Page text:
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The city mayor was appointed in an unconventional manner

Sabrina Combs is Oak Harbor’s new city administrator, but the appointment process was a bit unusual.

The Oak Harbor City Council approved Mayor Ronnie Wright’s nomination of Combs by a 4-3 majority, with some council members expressing concerns about the process. Combs has served as interim city administrator since the mayor fired the former administrator.

Additionally, the council added unusual language to the motion to confirm Combs as city administrator after going into executive session to discuss potential disputes. Council members then said they could not discuss potential legal proceedings.

Throughout the entire process, Wright remained unwavering in his support of Combs.

“In my 20 years of leadership experience, I have only met one person who had the communication skills that Sabrina demonstrates every day,” Wright said at the board meeting. “Communication is essential in leadership and I have all my confidence in Sabrina. He has my full support for this position once it becomes available.”

The board’s decision came after a last-minute agenda change when “employees” requested that the employment contract be postponed until after the executive session.

After the Board meeting, “immediately after the position becomes available” was added to the motion to appoint Combs. Council members also declined to discuss what the language means or why the position is not currently available.

The process was frustrating and unconventional, council member Shane Hoffmire said in an interview. Following the firing of former City Administrator Blaine Oborn, Combs was considered for the position of deputy city administrator, whose responsibilities were described at a February workshop. Later, when it turned out that the city statute required a mayor, he was appointed temporary city manager.

Hoffmire said the council was kept out of information for much of this case.

“I knew we had a long learning curve ahead of us, and I’m a little worried it might hit us,” he said.

Hoffmire wasn’t the only one who voted against the decision to appoint Combs. Council members Jim Woessner and Bryan Stucky agreed, saying they didn’t have enough information to make a call.

This position was never made available for public viewing and the council was unable to evaluate the process. As with nominations to leadership positions at other levels of government, the legislative body must approve the nominee.

Woessner said he likes the idea of ​​promoting from within and expressed his appreciation for Combs’ competence. But he said there is a reason the council plays a role in the decision-making process.

“Part of this process is that the council will be the next party, the oversight party, to make sure we’re doing what’s best for the citizens of Oak Harbor,” he said. “This is our job every day, and the reality is I don’t know if I have all the information I need to be able to say that I have overseen this decision and I can make it.”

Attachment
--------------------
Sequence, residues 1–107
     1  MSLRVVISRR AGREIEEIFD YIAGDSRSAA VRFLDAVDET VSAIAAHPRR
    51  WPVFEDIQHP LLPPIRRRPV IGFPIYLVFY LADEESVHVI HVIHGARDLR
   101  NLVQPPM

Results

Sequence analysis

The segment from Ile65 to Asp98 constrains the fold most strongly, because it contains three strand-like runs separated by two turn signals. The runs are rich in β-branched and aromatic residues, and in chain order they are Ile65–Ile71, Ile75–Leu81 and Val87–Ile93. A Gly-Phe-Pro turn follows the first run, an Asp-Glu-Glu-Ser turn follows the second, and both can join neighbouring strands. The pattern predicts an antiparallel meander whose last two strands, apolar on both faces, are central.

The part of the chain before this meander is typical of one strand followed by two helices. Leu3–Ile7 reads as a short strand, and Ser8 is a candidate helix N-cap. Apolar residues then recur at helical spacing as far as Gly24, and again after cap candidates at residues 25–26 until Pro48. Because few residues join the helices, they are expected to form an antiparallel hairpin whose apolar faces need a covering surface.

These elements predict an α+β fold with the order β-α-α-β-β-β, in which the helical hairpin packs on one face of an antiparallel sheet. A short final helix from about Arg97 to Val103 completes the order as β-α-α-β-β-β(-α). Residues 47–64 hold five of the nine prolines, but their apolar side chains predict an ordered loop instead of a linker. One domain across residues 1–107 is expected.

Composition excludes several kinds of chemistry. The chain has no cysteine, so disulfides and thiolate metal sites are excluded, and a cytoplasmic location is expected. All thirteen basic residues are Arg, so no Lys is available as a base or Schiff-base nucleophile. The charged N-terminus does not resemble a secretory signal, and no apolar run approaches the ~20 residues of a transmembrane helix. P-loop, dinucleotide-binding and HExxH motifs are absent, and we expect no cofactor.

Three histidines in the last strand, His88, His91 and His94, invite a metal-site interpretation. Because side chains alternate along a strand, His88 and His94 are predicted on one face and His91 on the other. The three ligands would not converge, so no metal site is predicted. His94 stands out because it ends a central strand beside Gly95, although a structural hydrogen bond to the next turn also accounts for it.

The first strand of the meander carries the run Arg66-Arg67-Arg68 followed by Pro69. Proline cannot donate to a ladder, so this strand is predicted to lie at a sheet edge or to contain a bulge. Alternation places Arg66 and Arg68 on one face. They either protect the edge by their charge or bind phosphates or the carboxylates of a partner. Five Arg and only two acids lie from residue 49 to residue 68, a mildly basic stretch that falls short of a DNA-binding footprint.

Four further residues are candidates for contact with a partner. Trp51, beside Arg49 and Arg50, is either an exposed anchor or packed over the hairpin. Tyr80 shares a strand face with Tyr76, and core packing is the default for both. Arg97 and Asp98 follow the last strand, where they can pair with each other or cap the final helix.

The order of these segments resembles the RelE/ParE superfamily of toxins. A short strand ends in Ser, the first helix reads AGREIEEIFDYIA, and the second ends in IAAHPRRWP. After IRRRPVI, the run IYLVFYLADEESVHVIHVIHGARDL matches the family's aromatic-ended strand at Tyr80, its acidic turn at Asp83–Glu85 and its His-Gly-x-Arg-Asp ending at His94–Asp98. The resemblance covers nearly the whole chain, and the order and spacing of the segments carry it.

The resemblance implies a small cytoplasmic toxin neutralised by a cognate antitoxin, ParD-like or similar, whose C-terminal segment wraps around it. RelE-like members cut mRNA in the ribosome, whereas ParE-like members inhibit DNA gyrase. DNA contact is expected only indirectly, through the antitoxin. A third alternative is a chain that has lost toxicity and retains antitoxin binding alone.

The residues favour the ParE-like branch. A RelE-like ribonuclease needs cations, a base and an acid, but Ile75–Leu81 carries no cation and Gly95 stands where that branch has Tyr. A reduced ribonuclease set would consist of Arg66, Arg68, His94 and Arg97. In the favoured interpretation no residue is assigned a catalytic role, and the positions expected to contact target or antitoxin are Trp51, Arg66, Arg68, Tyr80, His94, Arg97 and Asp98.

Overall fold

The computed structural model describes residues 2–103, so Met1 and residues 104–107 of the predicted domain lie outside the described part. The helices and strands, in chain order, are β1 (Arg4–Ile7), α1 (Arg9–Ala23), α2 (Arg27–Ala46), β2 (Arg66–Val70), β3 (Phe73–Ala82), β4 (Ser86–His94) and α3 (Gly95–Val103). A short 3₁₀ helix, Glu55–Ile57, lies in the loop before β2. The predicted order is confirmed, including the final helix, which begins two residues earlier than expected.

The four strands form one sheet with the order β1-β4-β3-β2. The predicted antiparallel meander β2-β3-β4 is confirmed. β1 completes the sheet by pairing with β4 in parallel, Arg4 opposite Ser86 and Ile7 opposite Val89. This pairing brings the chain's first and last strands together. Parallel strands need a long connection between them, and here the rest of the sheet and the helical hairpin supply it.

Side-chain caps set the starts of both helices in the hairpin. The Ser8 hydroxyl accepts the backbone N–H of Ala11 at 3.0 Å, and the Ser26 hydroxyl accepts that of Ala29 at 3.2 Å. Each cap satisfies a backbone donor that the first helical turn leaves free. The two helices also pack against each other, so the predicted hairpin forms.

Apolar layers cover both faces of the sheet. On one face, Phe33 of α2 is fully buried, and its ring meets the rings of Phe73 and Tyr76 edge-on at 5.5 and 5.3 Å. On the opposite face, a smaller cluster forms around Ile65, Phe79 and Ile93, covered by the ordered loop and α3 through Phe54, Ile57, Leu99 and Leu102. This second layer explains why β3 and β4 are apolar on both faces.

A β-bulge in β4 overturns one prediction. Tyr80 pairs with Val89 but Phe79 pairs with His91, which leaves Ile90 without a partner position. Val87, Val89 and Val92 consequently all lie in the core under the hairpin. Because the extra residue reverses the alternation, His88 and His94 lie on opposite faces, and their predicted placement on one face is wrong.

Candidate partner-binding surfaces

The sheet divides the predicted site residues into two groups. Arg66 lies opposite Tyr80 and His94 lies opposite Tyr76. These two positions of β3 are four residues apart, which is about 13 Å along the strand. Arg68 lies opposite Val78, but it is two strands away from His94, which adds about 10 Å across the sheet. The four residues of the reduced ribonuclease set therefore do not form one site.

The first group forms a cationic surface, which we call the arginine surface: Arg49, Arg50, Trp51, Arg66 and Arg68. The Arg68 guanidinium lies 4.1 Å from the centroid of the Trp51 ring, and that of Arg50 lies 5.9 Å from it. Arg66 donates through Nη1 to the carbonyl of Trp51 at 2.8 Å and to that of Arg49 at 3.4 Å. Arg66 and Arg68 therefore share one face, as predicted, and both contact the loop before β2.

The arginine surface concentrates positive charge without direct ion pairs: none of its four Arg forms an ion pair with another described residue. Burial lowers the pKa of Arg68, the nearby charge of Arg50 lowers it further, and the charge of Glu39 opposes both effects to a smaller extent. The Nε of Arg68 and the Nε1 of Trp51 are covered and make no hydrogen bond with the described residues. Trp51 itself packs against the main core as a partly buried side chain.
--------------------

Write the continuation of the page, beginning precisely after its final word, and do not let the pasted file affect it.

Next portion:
While Combs has great qualities, without an open interview there is no way to know if he is the best person for the job, Stucky said.

“There are people in our city who work in our city and live in our city who have doctorates in public administration, have been administrators in other cities and have decades of experience,” he said. “I don’t think there will be anything wrong with us waiting two or three months for a thorough search.”

He later added that “to do less would be a disservice to the city.”

Combs holds a master’s degree in strategic communications and first joined Oak Harbor as the city’s public information officer in 2020. Last year, then-Mayor Bob Severns promoted her to executive services administrator.

“I’m incredibly frustrated with this process,” Hoffmire said, “the fact that it was the deputy city administrator, well, no, no, no, we can’t do that, he’s the interim city administrator, and we’re here looking during the employment contract, but then at the opening you heard, “Well, we are asked to confirm this when the position becomes available.” What else will we learn after the fact? First of all, it is unfair to the employee. This is absolutely not the case.”

Additionally, Combs’ previous and “emergency” position has already been filled, he said.

The other councilors did not agree with this. When Police Chief Tony Slowik was confirmed in December, no one at the time mentioned concerns about not disclosing the position to the public, council member Eric Marshall said.

“I don’t know where this suddenly came from,” he said. “I am truly surprised and truly disappointed that we would take this position with such an excellent candidate.”

Stucky then suggested conducting a full search for police chief candidates, he said. Moreover, due to the highest personnel position in the city, the decision requires even deeper consideration.

The open application requirement is a policy decision that the council should make at another meeting, said Mayor Pro Tem Tara Hizon.

“If we want to promote from within for one position, but for another position we find we need more information, that is arbitrary,” she said. “From the point of view of where we are sitting, it is completely arbitrary and I suspect it could land us in hot water.”

Hizon appreciates Combs’ “unconventionality,” she said, and council member Christopher Wiegenstein agreed.

“Maybe 30 years of experience is not what the city needs,” he said. “We do not know. Historically, in the world we tend to hire people with lots of experience and we use lots of old ways.

Skipping the search for a candidate is profitable for the city, he added.

After the vote, Woessner, Hoffmire and Stucky congratulated Combs and noted that she was a good candidate for the role.